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Back to the Top Teaching Blog
March 7, 2018

Ensuring Equity: How Coaches and Teachers Help ALL Students

By Meghan Everette
Grades PreK–K, 1–2, 3–5, 6–8, 9–12

    According to Scholastic's Teacher & Principal School Report, both teachers and principals overwhelmingly agree that equity in education should be a national priority. However, the same report indicates 87 percent of educators feel barriers to learning exist and that they are due to factors outside the school environment. Whether stemming from inside or outside of school, "Educators have a responsibility to create an environment in which all children can be successful."

     

    Equity is not equality. Imagine a classroom in which there is a student in a wheelchair, a student who doesn’t speak English, and a student who is extremely advanced in math. Equality says that every student has the same desk, but typical desks don’t accommodate the width and height of a wheelchair. Equity says we provide a variety of seating options that work for all students, including standing desks, bubble chairs, and a space for a wheelchair. Equality says that everyone listens to the same book, but the child who is just learning English won’t understand the text as a native English speaker would. Equity says we provide a book in another language, include a listening station with subtitles, or work with an interpreter. Equality says that every child does the same math lesson at the same time. Equity says we differentiate the curriculum so that even our most advanced students are challenged and supported. "Equity is about providing an environment for all learners that provides both support and challenge academically while attending to all their needs."

    What are the factors blocking equity for students? Some are biological factors that prevent students from access to learning such as mental or physical disabilities. Some are societal factors, such as race and gender, that have long benefited certain groups while leaving others behind. And some factors are organizational, such as no access to Internet, lack of mandated curriculum, or limited facilities.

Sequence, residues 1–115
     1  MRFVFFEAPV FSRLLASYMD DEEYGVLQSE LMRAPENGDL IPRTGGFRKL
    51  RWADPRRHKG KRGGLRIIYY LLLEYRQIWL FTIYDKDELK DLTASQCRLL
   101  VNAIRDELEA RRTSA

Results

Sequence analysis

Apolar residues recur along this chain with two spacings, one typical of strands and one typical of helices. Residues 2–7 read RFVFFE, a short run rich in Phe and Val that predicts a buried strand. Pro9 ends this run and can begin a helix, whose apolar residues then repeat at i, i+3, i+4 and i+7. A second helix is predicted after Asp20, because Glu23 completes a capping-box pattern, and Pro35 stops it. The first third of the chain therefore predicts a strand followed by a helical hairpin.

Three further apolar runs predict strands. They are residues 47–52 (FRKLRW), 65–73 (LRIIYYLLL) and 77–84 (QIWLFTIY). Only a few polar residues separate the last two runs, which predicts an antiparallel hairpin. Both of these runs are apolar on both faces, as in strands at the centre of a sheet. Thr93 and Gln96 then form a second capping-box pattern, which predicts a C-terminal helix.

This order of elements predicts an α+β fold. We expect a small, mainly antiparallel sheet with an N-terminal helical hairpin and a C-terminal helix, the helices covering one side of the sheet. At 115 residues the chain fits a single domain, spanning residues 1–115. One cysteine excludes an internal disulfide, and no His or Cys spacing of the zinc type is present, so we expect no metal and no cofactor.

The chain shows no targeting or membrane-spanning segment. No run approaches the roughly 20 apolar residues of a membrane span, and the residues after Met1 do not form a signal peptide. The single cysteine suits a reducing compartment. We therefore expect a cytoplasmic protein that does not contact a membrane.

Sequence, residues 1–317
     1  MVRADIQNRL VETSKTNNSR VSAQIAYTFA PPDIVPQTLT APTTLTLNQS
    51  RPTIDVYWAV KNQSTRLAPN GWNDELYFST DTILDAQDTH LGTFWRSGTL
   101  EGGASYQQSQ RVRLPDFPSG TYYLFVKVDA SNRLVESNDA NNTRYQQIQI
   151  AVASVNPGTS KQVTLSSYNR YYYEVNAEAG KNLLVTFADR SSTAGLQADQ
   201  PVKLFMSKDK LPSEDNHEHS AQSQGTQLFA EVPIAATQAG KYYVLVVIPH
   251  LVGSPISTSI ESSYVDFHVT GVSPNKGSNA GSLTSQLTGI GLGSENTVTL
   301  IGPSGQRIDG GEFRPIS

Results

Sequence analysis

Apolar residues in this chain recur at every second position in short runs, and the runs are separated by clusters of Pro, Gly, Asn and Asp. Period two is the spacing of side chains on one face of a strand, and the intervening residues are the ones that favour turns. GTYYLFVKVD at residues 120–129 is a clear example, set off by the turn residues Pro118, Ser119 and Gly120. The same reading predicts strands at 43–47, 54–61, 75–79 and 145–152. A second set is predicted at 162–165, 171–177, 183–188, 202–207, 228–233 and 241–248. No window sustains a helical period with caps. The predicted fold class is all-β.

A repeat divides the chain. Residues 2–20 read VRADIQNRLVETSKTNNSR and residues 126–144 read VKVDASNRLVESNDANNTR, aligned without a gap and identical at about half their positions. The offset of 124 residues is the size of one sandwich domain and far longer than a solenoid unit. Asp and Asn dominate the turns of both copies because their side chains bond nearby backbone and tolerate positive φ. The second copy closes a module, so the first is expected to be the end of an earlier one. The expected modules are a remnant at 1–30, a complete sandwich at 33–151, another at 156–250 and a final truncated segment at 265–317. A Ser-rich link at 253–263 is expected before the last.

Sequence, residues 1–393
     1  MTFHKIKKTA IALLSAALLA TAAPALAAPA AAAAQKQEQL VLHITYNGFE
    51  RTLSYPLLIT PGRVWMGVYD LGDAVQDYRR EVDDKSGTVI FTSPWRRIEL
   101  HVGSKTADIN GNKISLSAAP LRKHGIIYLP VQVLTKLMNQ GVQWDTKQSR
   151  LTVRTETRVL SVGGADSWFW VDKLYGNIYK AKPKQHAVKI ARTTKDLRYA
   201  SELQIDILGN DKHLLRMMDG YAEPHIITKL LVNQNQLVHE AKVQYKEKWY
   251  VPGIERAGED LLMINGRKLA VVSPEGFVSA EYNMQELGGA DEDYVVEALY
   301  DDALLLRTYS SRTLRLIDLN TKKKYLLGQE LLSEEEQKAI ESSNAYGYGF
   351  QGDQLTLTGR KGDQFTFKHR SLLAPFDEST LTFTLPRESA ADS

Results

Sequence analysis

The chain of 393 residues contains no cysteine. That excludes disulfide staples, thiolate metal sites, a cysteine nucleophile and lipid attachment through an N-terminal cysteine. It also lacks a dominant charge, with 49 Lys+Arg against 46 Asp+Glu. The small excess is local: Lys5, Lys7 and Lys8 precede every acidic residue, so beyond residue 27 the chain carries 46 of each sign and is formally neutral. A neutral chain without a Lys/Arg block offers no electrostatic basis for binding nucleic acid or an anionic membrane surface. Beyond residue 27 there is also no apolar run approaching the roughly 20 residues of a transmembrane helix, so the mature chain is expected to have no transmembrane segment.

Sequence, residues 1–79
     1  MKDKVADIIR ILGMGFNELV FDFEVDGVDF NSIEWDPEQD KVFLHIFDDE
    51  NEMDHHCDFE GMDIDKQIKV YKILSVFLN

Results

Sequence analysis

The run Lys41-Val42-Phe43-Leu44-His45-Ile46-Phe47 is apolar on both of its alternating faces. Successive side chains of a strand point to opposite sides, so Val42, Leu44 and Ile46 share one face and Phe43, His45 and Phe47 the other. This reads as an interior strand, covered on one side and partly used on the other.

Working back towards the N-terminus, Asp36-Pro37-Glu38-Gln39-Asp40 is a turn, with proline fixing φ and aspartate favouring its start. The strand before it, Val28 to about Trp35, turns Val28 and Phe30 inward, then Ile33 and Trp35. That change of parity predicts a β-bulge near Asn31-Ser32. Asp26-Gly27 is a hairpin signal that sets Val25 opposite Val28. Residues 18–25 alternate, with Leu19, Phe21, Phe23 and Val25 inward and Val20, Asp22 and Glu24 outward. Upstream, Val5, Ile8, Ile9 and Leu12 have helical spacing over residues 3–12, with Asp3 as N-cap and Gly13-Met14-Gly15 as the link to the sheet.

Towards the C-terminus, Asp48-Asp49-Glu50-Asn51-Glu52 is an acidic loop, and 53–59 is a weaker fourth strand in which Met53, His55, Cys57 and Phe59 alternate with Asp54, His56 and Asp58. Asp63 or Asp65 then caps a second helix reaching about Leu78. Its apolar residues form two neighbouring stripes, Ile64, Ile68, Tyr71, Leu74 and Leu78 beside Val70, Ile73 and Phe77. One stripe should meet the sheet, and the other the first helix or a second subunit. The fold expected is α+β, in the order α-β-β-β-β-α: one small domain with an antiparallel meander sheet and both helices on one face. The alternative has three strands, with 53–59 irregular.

No matter the factors contributing to an unfair playing field, teachers have a responsibility to students to provide equitable access to research-based, effective curriculum while meeting the needs of all learners. It is no small task.

    Utah's Board of Education mathematics department and Multi-Tiered Systems of Support (MTSS) are working together to ensure teachers and coaches have skills needed to ensure equity for all. Last month, the Utah State Board of Education hosted the Educational Equity and Advocacy Conference where issues such as safe LGBTQ+ environments, transition support for students with disabilities, effective practices for young men of color, and parent engagement for first generation college students were discussed. Coaches and teachers from across the state offered their advice for promoting equality in classrooms for each student.

    Focus on the Standards

    Jet Warr, secondary math specialist in the Iron County School District, asks teachers to focus on the standards when creating and analyzing benchmark assessments. "When all teachers are teaching to the same understanding for all students, there is a more equitable instruction happening. One teacher is not holding students to a different level than another," says Warr. Focusing on standards also reduces implicit bias by focusing on specific skills students should be able to do, rather than making judgement calls on what we believe students may know or should know.

    Create an Entry Point

    Researcher Jo Boaler says math activities with a “low floor, high ceiling” will benefit all students. The idea is to create opportunities for all students to get started with the task, but use a task that can relate to very high-level ideas. You can learn more about the low floor, high ceiling idea on the YouCubed website.

    Recently I used a shape task that starts with students making congruent squares from 24 shapes. Even kindergarten and first-grade students can begin to rearrange pieces to create squares, making this a low-floor task. Older students can identify the fractional part each piece constitutes, and even older students can relate the fractions to decimals. This task has a high ceiling.

    Carole Brown, math specialist in the Davis School District, says we create equity when planning lessons that give all students access to begin with. “When all students can contribute to the first part of the lesson, they are more likely to make connections…. Each student has something to work with,” says Brown.

    Vocabulary